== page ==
Japan's nuclear woes

Updated - December 04, 2021 10:59 pm IST

Published - March 14, 2011 11:42 pm IST

Hammered by a tremendously powerful earthquake and then bludgeoned by a gigantic tsunami, Japan really had enough trouble on its hands. But as fate would have it, the only nation ever to witness the full horrors of nuclear war is, in addition to its other woes, face to face with a nuclear power nightmare. Problems with cooling three reactors at Fukushima Daiichi have already led to the venting of radioactive steam and two explosions. There are similar concerns about another reactor at the nearby Fukushima Daini plant. A desperate struggle is on to prevent the worst from happening — a complete meltdown of the nuclear core that could lead to large releases of radioactivity into the environment. With few natural resources of its own, Japan opted for nuclear power to supply a third of its energy needs. It has today more than 50 commercially operating nuclear reactors. These reactors were built taking into account the fact that they would be operating in a seismically dangerous environment. Unfortunately, Friday's earthquake, which was the worst recorded in the country, and the huge tsunami it unleashed set off a cascade of problems at the two nuclear power plants.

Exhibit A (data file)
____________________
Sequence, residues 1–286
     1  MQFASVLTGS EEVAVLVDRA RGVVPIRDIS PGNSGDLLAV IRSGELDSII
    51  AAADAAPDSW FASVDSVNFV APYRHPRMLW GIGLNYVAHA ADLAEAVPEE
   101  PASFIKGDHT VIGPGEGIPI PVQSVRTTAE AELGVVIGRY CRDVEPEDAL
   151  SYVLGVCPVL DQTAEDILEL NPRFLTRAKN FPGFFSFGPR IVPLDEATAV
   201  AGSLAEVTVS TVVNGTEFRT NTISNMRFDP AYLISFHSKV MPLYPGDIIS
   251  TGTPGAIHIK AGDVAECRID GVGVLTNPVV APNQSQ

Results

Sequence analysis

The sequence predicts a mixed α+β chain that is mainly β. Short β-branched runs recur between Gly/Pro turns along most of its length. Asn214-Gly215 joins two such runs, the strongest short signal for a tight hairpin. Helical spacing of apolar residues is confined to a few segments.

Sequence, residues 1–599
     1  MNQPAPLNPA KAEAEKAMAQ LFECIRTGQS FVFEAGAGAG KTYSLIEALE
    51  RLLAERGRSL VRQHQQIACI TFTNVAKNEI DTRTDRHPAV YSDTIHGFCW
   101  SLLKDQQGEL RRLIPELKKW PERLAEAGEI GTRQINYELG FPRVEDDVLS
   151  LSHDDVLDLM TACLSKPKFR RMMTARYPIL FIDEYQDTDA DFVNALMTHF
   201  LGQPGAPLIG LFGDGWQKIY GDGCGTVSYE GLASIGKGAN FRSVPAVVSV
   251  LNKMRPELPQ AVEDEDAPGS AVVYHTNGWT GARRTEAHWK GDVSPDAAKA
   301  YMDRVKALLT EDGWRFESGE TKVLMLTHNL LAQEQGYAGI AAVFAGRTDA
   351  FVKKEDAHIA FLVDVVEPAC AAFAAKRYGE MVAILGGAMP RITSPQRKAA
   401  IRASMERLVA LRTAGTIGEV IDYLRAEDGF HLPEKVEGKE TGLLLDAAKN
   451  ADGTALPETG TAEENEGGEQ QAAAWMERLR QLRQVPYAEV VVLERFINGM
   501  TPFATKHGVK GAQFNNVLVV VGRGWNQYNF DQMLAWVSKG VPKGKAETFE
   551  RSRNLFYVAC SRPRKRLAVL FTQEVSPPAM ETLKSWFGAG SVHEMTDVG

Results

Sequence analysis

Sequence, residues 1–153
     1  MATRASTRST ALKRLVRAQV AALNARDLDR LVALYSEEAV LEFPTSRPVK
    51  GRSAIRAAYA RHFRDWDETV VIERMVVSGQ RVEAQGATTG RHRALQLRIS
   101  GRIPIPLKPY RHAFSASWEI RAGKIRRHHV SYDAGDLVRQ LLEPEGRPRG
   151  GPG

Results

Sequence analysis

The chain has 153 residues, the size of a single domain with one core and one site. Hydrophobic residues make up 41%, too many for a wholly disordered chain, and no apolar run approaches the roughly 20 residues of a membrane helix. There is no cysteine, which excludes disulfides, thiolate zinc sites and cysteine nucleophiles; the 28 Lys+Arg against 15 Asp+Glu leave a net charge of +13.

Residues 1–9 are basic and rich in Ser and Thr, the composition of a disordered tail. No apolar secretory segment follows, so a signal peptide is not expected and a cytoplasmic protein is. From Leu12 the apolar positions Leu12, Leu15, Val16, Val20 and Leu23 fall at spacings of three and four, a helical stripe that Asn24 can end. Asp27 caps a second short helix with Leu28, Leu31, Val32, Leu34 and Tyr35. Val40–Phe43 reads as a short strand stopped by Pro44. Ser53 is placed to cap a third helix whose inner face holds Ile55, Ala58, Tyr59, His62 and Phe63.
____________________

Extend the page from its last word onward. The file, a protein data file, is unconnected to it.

Safely shutting down a nuclear power plant is not simple. Stopping the chain reaction that keeps fission going, thereby producing vast amounts of energy, is just the first step. But even after that is achieved, the core of a nuclear reactor is still very hot. In addition, radioactive processes continue in the nuclear fuel, which too produce heat. The plant at Fukushima Daiichi relied on pumps powered by electricity to keep cooling water circulating. Friday's quake and tsunami knocked out electric supply from the grid. Standby generators kept at the plant for such contingencies could not be used because of the flooding and damage caused by the tsunami. Batteries, which were intended only to keep the cooling going until the generators came on, were soon depleted. The lack of cooling led to what Japanese officials say is only a partial meltdown of the nuclear cores in two reactors. Even if a total meltdown is avoided, it is believed that for many months to come the plant's operator will have to continue pumping in seawater to cool the two reactors and periodically release radioactive steam. People who have been evacuated from the area may not be able to return home any time soon. Understandably, these events in Japan have set off waves of concern in countries that have nuclear plants of their own, with worries about some unforeseen chain of events producing serious safety issues. In India, the country's nuclear agencies have promised a revisit of safety issues at all atomic plants. Such a safety audit must be carried out with a transparency that engenders public trust, without which nuclear power will not flourish.

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